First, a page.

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Feeling stressed out? Simply take deeper breaths

Your belly is literally the center of gravity of your body, far below the head and the turmoil of your thinking mind. For this reason we ‘befriend’ the belly right from the beginning as an ally in establishing calmness and awareness.

-Jon Kabat-Zinn

Try it. Right now—one long breath out. Now try again, this time release your belly and slow down the in breath. Fully experience the breath as it draws in through your nose and balloons into your tummy. Pause. Then try a long out breath—through the mouth. Experience the pool of calm at the bottom of the exhale.

Do you feel more relaxed? Deep breathing activates the parasympathetic response in the body, the part of the nervous system that regulates the body’s rest and digestive functions, and sends a message to your brain to calm down and relax. But it takes practice. We’ll try this together in the video below.

Eckhart Tolle, German-born spiritual teacher and author of The Power of Now, was once asked at a conference which seminar he would select to be the most beneficial. While acknowledging that many of the courses on offer were very interesting and informative, Tolle declared the topic breathing to be the most beneficial. ‘Be aware of your breathing as often as you’re able,’ he said. ‘One conscious breath in and out. It will be the more transformative than attending all of these courses. And it’s free.’

In his wise and beautifully written book Yoga and the Quest for the True Self, Stephen Cope writes about the breath as being a ‘switching station’ between the physical body and energy body. Many of us do not breathe properly and in fact only use a fraction of our lung capacity. Cope reminds us that full diaphragmatic breathing stimulates the alpha waves associated with relaxation, whereas chest breathing, which can be shallow, has a negative impact on the physical body and the nervous system and causes tension to accumulate in the jaw, the mouth and between the shoulder blades. When the lungs and diaphragm are not restricted, writes Cope, we have full access to our internal emotional experience.

In today’s videoblog we will explore two approaches to breath: diaphragmatic breathing (sometimes called belly breathing), and Pilates ribcage breathing (also called lateral breathing).  You will be using both types of breathing in your exercise sessions with different end goals in mind.

In diaphragmatic breathing the goal is to allow the belly to expand on the in breath and to empty out on the out breath.  As babies we employed belly-breathing.  If you’ve ever watched babies sleeping you will see their bellies rise and fall naturally. I wonder when we lost this ability and became shallow breathers and chest lifters?

The diaphragm, a dome-shaped muscle between the chest and the abdominals, is the principal breathing muscle. It is designed to work like a pump: on the in breath it contracts and, because of the differing pressure outside and inside the body, air is drawn inside. On the out breath the diaphragm relaxes and the dome rises, discharging used air. If unrestricted, the diaphragm not only moves up and down but also billows outward. Deep abdominal breathing encourages release in the entire body and is well worth practising and using often.

The second type of breathing, Pilates ribcage breathing, is used when performing exercises, especially those that need stability and safety in the lower back. The goal is not to guide the breath into the belly (or the upper chest) but into the back lower rib cage. Pilates breathing is often called lateral breathing because the aim is to expand the rib cage sideways on the inhalation creating a full breath that makes maximum use of lung capacity. The exhalation is then used to gently draw in the abs (and other core muscles), to protect the low back, before you move into the exertion phase of an exercise. Some Pilates school call this action of connecting the core muscles, ‘bracing’ or ‘engaging’. How to activate the core with conscious control will be discussed again and again in future blogs. This may take a while to master, right now do not force or hold the breath.  Hopefully, one day, this action of ‘engaging your core’ will automatically occur.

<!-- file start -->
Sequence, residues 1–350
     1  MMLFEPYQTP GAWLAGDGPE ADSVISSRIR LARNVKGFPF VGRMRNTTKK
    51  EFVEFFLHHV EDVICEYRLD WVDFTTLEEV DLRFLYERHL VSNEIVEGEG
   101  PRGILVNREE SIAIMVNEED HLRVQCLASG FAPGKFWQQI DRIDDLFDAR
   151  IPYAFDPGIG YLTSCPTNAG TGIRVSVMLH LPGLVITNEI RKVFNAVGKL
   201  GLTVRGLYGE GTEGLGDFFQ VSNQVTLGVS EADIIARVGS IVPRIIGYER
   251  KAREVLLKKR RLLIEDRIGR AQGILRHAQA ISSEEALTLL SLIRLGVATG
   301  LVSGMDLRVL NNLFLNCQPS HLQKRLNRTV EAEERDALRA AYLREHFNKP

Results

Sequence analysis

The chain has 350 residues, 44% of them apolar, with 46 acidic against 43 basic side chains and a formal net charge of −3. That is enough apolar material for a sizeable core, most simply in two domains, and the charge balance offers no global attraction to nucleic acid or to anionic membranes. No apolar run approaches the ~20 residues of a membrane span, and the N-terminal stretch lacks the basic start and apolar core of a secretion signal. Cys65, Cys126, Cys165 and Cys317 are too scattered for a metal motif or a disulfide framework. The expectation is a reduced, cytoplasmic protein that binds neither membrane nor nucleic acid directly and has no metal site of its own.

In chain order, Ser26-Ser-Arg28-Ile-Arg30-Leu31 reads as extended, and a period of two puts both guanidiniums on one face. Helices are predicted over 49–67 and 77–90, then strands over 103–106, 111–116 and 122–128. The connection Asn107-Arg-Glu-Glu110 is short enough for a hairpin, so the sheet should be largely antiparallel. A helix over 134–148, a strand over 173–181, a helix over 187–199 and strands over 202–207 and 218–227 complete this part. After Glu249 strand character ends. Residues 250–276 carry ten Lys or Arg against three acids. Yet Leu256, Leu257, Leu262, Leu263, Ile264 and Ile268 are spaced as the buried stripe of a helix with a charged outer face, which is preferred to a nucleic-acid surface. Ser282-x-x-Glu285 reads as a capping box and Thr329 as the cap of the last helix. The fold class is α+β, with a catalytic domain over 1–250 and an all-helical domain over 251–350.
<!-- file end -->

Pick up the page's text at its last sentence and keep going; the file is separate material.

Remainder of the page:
In daily life we do not want to restrict the natural ballooning of the belly; we want the abdominals to gently rise and fall with breath. Chronic tight contraction of the abdominals pulls down on the lower ribs and interferes with the pumplike downward motion of the diaphragm. So as we attempt three-dimensional breathing, as in relaxation position or breathers embedded in the workouts, we do not want a chronic tight contraction of the abdominals.  However, when we initiate a movement, whether it’s lifting a weight (think of taking a heavy bag of groceries from the back of your car) or extending the spine to place an object on a high shelf we need to make sure that the deep abdominals are fully engaged to protect the low back.

Squeeze out the lungs as you would ring a wet towel dry.

-Joseph H. Pilates

Let’s get started. Perhaps you might feel that ‘just lying around and breathing’ can’t be that important and might be tempted to skip over this section. Don’t. You will miss out on one of the greatest benefits of doing Pilates exercises.

Colleen Craig

Colleen Craig

Colleen is the author of Pilates on the Ball, Abs on the Ball, and Strength Training on the Ball, and the producer of the Pilates on the Ball DVD.

Disclaimer: I highly recommend you watch the video two or three times before attempting an exercise.  Listen carefully for watchpoints. Check with your doctor or health care practitioner to be sure these exercises are suitable for you. Pay attention to modifications and stop if there is any discomfort. If in doubt, avoid an exercise.

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